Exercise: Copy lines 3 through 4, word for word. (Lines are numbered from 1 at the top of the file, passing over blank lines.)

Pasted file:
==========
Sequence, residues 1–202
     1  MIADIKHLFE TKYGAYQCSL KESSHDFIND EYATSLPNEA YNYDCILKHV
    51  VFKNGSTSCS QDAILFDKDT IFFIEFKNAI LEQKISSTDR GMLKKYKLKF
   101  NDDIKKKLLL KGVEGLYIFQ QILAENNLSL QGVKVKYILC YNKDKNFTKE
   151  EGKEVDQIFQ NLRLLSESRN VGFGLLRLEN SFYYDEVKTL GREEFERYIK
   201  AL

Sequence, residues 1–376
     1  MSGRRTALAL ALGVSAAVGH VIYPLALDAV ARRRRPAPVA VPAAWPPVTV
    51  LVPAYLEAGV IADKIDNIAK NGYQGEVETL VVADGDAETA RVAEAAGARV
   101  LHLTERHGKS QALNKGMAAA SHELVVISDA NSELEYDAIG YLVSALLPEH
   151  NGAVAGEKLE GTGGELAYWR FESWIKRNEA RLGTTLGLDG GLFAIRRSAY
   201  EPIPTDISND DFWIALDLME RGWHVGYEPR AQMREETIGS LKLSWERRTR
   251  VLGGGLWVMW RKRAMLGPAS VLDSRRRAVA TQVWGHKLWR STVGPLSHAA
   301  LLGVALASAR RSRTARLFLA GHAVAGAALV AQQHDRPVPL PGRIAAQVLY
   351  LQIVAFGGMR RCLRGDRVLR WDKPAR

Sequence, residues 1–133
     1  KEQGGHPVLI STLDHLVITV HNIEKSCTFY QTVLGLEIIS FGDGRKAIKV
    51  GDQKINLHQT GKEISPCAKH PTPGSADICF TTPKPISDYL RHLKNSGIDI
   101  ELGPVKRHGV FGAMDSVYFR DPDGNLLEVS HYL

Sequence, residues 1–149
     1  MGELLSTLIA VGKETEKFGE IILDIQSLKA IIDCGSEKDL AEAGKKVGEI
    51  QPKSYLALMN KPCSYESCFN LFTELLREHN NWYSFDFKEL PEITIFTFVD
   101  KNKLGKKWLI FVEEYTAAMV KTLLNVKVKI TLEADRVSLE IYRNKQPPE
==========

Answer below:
    51  VFKNGSTSCS QDAILFDKDT IFFIEFKNAI LEQKISSTDR GMLKKYKLKF
   101  NDDIKKKLLL KGVEGLYIFQ QILAENNLSL QGVKVKYILC YNKDKNFTKE